For Nigeria’s legislature, the last few weeks have been somewhat unsavory: the National Assembly seemingly scored three own goals (to borrow a phrase from the passionately, soccer-loving nation) and in rapid succession.
First was the constitutional amendment process, which after ratification by the requisite number of State Houses of Assembly was deemed to be complete without the assent of the President of the federation. This was promptly challenged in the law courts by civil society organizations and a Federal High Court ruled that the amendment process was still “inchoate”, to wit, in progress and required the assent of the President if it is to be deemed complete.
The nation was still trying to unravel the motives behind the first shot when the legislators fired another: they moved to enact a bill that would require all members of the National Assembly to be “automatic” members of their respective political parties’ National Executive Committees (NEC). In addition to the sheer potential unwieldiness of such NECs (there are more than four hundred and sixty members in the federal legislature), the situation would usurp the constitutional rights of parties to free association. In a recent public hearing held by the legislature, speaker after speaker repudiated the proposed enactment. There have been reports however, that the lawmakers are bent on speedy enactment of the bill, just in time for next year’s general elections. That would most probably provoke challenges in courts of law.
Then, just last week, for his comments to the effect that the National Assembly gulped a staggering and economically unhealthy 25% of the nation’s yearly overhead costs, an umbrageous legislature summoned, and stridently demanded an apology from Lamido Sanusi, the country’s Central Bank Governor; but if the lawmakers expected any repentance, they must have been taken aback. Sanusi resolutely defended his figures (which, reports show, tally with those of the Budget Office), and defiantly held that an apology was unnecessary.
The growing public disquiet over federal lawmakers’ earnings meant that in publicly summoning the Central Bank Governor, the lawmakers unwittingly drew public opprobrium and even accusations of coercion and selfishness. According to Punch, each serving Senator of the Federal Republic of Nigeria takes home N198.54m (about US$1.34m) annually while each serving member of the House of Representatives takes home N127.18m (about US$847,866.67). That said, Hamman Tukur, the recently retired boss of the Revenue Mobilization, Allocation and Fiscal Commission (RMAFC), the body charged with fixing remuneration of public officers, last week on a nationally televised program furnished what he called the official RMAFC-specified earnings (Table 1 below) for members of the National Assembly; he added that earnings by the said members above the given figures could be illegal.
Members of the National Assembly have over the past few weeks traded words with some State and Federal Government agencies over the former’s alleged interference in the affairs of the latter. Erstwhile president, Olusegun Obasanjo on August 4 ,2010, during a retreat for senior civil servants of Niger State, even reportedly “accused members of the National Assembly of corruption through the padding of the federal budget and collection of billions in unjustifiable allowances”. The Speaker of the Federal House of Representatives has also replied that “… for the record, all constituency projects are attached to the MDG fund and it’s the executive that awards the contract to any contractor. We have nothing to do with it. But we will continue to demand that projects are sited in our constituencies.”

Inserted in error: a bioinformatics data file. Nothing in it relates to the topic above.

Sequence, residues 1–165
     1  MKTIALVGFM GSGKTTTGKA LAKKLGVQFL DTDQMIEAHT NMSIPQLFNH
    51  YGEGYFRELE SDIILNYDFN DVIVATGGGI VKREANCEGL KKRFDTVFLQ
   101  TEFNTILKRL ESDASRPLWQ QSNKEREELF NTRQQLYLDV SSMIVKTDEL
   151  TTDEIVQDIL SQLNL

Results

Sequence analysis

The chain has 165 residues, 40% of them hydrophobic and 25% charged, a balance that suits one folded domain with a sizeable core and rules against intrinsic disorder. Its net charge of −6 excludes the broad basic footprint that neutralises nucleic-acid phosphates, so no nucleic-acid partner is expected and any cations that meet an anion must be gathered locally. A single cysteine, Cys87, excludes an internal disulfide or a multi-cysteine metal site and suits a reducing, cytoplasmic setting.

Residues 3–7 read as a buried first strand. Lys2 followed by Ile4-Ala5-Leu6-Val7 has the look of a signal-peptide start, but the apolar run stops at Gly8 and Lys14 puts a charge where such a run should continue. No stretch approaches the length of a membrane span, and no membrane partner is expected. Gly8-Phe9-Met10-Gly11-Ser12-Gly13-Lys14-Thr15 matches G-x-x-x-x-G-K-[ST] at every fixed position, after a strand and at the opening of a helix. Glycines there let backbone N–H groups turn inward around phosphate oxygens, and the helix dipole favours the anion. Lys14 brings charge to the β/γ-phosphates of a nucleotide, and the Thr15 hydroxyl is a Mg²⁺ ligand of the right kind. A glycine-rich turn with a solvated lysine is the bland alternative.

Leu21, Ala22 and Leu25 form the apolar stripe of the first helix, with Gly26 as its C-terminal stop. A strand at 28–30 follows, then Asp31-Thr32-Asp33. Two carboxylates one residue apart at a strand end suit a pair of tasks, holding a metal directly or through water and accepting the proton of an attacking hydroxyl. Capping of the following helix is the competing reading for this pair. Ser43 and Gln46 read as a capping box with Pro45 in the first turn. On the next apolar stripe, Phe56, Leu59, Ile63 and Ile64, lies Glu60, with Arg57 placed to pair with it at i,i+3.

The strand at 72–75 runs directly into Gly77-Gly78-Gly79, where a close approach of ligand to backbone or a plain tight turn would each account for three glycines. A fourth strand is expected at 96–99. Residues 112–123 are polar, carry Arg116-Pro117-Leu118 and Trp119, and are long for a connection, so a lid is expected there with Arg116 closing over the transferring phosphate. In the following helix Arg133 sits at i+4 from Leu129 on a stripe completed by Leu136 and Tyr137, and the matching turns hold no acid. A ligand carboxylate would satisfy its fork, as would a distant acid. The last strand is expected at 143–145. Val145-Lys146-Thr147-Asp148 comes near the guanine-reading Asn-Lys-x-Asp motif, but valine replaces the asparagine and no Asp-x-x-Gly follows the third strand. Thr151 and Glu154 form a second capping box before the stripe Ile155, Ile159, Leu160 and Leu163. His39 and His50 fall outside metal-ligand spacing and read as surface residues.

The import of Sanusi’s thesis seemed lost in the miasma of the legislative branch’s apparent political one-upmanship. He, in expressing the need to stem the country’s rising debt profile, added that in terms of inflation, overheads were a crucial component of expenditure. He then spoke about the nation’s unsustainable petroleum subsidies as well as the legislature’s proportion of the national overhead costs among other paradigms. Even the oil-rich Middle East countries (which incidentally have managed their oil proceeds better than Nigeria has) are currently establishing processes for the withdrawal of energy subsidies.
One financial analyst (Kenneth Ife) in underscoring Sanusi’s thesis, added that the percent increases in the National Assembly’s overhead between 2008 and 2009 (about 35%) as well as that between 2009 and 2010 (>20%) substantially exceeded inflation-indexed values.
The assembly members themselves admitted last week during their deliberations on the “Sanusigate” that their approval ratings among the citizenry had tanked substantially; and these three “own goals” most probably, did not help them. There are however, two pending bills that, if properly addressed, would certainly help their ratings. The first is the Freedom of Information Bill, trophied in ten years of the branch’s dust and which would ensure transparency and good governance; two development issues which have plagued Foreign Direct Investment (FDI) and Donor Agency initiatives for the country. The other is the Petroleum Industry Bill (PIB) which would ensure efficiency and transparency in the country’s economic mainstay. (Oil and gas account for more than 80% of the nation’s foreign exchange earnings).
Finally, in the light of recent political developments, unless the country’s Supreme Court is caused to determine (and sooner rather than later) the limits of the legislative branch’s oversight and appropriating powers, ghosts of the country’s past may yet reprise.